Emollient and skin creams

It's important to be aware of the fire safety risks if you or a person you care for needs to use emollient and skin creams– here's how to reduce potential fire risks.

Understanding and reducing the risks

What do we mean by emollient and skin creams?

Emollient and skin creams are an important and effective treatment used to prevent or treat dry skin conditions like:

  • Eczema
  • Bed sores
  • Ulcers
  • Psoriasis

They come in a variety of forms: creams, lotions, ointments, gels or sprays . They can also include soap alternatives. They may be water-based, contain paraffin or natural oils. All cover the skin with a protective film to reduce water loss.

Emollient/skin cream residue on fabrics such as bedding, clothing and dressings can increase flammability, even from just one application. Emollients and skin creams are especially a fire safety concern when used by people who spend extended periods in a bed or armchair due to illness or impaired mobility.

How can you use emollient and skin creams more safely?

If you care for someone who needs emollient and skin creams, lotions or gels, or if you use these products yourself, you can help to keep them and yourself safe by understanding and reducing the related risks.

Understand the risks

Anyone using emollients or skin creams regularly should keep well away from fire, naked flames or heat sources. A build up of residue on bedding, clothing and dressings can increase flammability.

  • Don't smoke
  • Loose clothing can easily catch fire – take care not to lean over a hot hob and roll up your sleeves if possible when cooking.
  • Keep candles away from your clothing, including when lighting them.
  • Sit at least one metre away from a heater – sitting too close could easily set light to your clothes or chair. Always follow the manufacturer’s instructions.

There is a separate page for healthcare equipment including oxygen therapy, dynamic airflow pressure relieving mattresses and incontinence products– and there is specialist advice to support you if you care for a person who is a smoker, or someone who has hoarding disorder.

Getting extra help

Get expert advice with a home fire safety visit

We can provide more specialist advice based on your home and individual needs, or the home and individual needs of the person you care for, during a home fire safety visit.

Visits can be arranged at any time (24/7), and we even fit free smoke alarms if you or the person you care for needs them. Specialist alarms can also be fitted – for example, strobe light and vibrating pad alarms for those who are deaf or hard of hearing.

Person using the Home Fire Safety Checker on their smartphone.

Worried about someone you care for?

We have a simple tool that can guide you around the home helping you spot fire risks, or we can carry out a visit ourselves.

Home Fire Safety Checker (HFSC)

Extra information for formal and informal carers, support workers and other health care professionals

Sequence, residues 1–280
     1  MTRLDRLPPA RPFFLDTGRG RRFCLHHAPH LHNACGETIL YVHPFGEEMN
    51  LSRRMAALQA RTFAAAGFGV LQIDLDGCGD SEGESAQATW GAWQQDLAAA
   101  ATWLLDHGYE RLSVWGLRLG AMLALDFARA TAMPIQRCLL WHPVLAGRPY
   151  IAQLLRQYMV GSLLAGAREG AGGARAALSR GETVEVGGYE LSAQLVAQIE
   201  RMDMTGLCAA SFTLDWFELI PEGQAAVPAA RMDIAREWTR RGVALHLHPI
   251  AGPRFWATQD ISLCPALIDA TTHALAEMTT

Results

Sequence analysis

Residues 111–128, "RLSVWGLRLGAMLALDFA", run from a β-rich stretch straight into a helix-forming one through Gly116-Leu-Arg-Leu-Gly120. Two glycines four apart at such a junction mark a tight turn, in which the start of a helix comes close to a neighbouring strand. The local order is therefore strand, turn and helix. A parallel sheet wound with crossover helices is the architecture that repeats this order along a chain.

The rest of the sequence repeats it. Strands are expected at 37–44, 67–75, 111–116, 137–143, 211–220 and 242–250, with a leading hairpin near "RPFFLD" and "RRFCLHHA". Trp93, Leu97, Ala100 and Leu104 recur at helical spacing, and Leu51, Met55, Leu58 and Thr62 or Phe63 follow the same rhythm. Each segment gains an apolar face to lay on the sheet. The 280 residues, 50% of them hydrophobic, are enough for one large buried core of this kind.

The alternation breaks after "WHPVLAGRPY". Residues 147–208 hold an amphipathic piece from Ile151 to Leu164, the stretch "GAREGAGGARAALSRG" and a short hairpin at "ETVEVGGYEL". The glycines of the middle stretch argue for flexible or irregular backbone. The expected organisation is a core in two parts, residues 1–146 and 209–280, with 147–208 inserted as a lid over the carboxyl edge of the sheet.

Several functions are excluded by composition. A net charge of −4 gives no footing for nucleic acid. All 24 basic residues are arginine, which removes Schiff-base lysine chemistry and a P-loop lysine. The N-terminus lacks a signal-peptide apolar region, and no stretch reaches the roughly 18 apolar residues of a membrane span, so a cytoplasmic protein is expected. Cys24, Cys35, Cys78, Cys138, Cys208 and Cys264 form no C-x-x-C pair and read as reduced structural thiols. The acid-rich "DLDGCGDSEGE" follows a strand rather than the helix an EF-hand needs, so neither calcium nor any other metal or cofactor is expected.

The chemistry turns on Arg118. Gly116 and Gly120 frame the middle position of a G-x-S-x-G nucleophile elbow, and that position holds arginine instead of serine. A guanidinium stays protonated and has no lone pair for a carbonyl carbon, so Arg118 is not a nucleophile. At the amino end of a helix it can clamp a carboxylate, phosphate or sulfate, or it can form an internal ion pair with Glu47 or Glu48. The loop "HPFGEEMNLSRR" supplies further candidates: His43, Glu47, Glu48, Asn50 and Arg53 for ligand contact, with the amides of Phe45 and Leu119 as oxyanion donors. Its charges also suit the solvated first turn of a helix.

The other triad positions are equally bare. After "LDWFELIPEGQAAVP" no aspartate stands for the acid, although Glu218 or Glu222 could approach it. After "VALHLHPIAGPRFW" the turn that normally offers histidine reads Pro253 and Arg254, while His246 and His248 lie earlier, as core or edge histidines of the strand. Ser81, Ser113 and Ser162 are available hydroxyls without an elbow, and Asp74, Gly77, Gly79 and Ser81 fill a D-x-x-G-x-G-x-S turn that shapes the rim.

Carers, support workers and other health care professionals have access on a daily basis to people’s homes and living spaces. They play a vital role in the assessment of high risk individuals.

  • If you are a formal carer, support worker or other healthcare professional, record and report your concerns to your line manager so an action plan can be put into place.
  • If you are an informal carer, reduce any risks that you are able to, and notify other agencies such as Social Services to enable them to take swift and appropriate action as required.
  • Use our online resources such as the Home Fire Safety Checker, or download the Checklist for Person Centred Fire Risk at the bottom of this page – this will help you identify areas of risk to the person you care for. You can also contact us to request an in-person Home Fire Safety Visit.
  • If the person you care for or support is also in receipt of other care, or other agencies are also involved with them, do share your concerns so that you are all working together. Make sure that fire risk is included in the person’s care plan including things like using flame retardant bedding, appropriate management of emollient and skin creams, and how to care for people who smoke.
  • Communicate with the person’s family or other supporting agencies to consider how Telecare can help to keep vulnerable people safer.
  • Consider training to help you spot signs that may indicate the person you care for is at risk of injury from fire – and learn what steps you can take to reduce those risks.
FREE e-Learning with Telecare Services Association


Consider limited mobility

If the person you care for is bed bound or spends most of their time in a chair, they are particularly at risk. Please consider their needs and make sure appropriate measures are taken so they can safely escape if there is a fire. Learn more about escape plans from homes, and escape from workplaces (like residential care homes).

Useful downloads

Checklist for Person-Centred Fire Risk

Download PDF (60kb)

Means of escape for disabled people leaflet

Download PDF (900kb)

You might also be interested in...